Legal considerations for in-house counsel navigating the return-to-work phase

Ogletree Deakins lawyer examines best practices for avoiding constructive dismissal claims

Legal considerations for in-house counsel navigating the return-to-work phase
Hugh Christie, managing partner at the Toronto office of Ogletree Deakins

More than two years since the COVID-19 pandemic forced closures around the world, many employers are implementing return-to-office plans or weighing up the value of a remote workforce or hybrid policy. According to a recent report released by recruiting firm Robert Half Canada, more than half of employees in Canada currently working from home would look for a new job that offers remote options if their company required employees to return to the office five days a week – so any new policies must be carefully considered to avoid losing valuable staff.

There are many challenges and legal considerations for in-house counsel as these policies take shape. Avoiding claims of wrongful dismissal or constructive dismissal is one of the most significant concerns for employers, according to Hugh Christie, managing partner at the Toronto office of Ogletree Deakins. These claims can depend on a number of factors including how far the employee has moved from the workplace, the reasons for not wanting to return, and any documentation that was previously provided about a work-from-home model during the pandemic.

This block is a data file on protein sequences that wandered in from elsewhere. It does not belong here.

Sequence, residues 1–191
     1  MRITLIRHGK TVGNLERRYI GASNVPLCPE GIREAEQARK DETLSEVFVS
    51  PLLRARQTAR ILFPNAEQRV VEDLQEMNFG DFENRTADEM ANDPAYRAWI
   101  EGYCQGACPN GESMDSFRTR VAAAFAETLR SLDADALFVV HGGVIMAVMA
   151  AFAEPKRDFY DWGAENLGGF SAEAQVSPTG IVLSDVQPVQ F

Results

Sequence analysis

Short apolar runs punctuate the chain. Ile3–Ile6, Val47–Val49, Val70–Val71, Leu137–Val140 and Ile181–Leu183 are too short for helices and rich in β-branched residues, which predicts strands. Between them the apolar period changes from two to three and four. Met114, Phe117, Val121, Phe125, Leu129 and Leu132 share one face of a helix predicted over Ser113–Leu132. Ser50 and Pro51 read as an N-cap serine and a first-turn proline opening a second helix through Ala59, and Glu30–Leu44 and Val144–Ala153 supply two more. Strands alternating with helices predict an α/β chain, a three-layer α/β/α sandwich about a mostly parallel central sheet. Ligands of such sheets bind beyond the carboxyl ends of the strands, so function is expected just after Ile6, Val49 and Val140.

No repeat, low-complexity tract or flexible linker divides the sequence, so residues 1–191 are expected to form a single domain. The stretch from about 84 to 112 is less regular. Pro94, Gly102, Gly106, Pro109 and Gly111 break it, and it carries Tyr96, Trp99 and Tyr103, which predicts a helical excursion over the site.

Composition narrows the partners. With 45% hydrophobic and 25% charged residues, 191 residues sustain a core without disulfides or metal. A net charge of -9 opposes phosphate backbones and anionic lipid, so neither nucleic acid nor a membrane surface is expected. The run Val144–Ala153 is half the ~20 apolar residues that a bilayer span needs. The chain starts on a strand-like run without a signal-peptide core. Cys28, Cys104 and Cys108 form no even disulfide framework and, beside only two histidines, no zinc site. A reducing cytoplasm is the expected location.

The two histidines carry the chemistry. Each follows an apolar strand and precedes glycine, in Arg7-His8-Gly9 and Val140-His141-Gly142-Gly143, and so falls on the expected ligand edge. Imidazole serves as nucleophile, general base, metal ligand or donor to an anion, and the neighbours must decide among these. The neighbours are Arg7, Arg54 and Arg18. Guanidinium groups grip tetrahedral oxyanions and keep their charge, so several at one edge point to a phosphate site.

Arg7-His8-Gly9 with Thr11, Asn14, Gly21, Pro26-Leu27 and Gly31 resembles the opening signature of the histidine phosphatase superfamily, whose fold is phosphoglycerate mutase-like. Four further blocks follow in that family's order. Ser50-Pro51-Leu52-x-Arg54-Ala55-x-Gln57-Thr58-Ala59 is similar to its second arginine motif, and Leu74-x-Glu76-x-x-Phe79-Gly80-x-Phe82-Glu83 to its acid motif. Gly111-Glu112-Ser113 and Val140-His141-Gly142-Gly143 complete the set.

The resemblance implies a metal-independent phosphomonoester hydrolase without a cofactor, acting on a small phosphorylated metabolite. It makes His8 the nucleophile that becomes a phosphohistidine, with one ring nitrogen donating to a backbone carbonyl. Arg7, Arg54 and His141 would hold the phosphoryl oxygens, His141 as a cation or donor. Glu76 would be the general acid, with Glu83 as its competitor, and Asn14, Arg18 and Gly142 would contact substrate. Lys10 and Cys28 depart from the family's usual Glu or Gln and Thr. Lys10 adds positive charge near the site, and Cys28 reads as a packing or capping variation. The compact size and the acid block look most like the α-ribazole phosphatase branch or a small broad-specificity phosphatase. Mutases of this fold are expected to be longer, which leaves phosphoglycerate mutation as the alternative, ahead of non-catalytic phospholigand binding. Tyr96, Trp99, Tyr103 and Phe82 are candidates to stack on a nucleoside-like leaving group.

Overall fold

“If an employer unilaterally makes fundamental changes to the work conditions, then the employee is in a position to say ‘I don’t want that job anymore and I want you to act as if you had terminated my employment’,” says Christie.

The single strongest tactic that an employer can use to avoid constructive dismissal claims is to give reasonable notice, in Christie’s view. Another strong tactic is to ensure that expectations are put in writing to employees, as this can be used in front of a judge in the event of a claim.

Other problems have arisen for employers surrounding employees that chose to relocate to different provinces to work remotely during the pandemic. For example, if an employee moved from Ontario to Nova Scotia, the employer may still be making deductions and remittances in Ontario if they were not aware of the move, thus creating tax problems. If the employer was not aware of the employee’s remote location, the correct taxing authority may not have been informed. It can also create problems in the event of a constructive dismissal claim.

“If someone has moved to Nova Scotia, does an employer who has absolutely no connection to that province need to defend the case brought in Halifax claiming constructive dismissal? It raises a bunch of quirky legal issues,” says Christie.

In an ideal scenario, the employer will have put the terms and conditions of the remote working arrangement in writing in advance. Best practices for in-house counsel planning a back-to-work policy include sending details of the new working arrangements to employees in advance of any changes.

“Make sure you give them plenty of notice so you can fulfill the requirement of giving reasonable notice, and lower the financial risk for the employer,” advises Christie.

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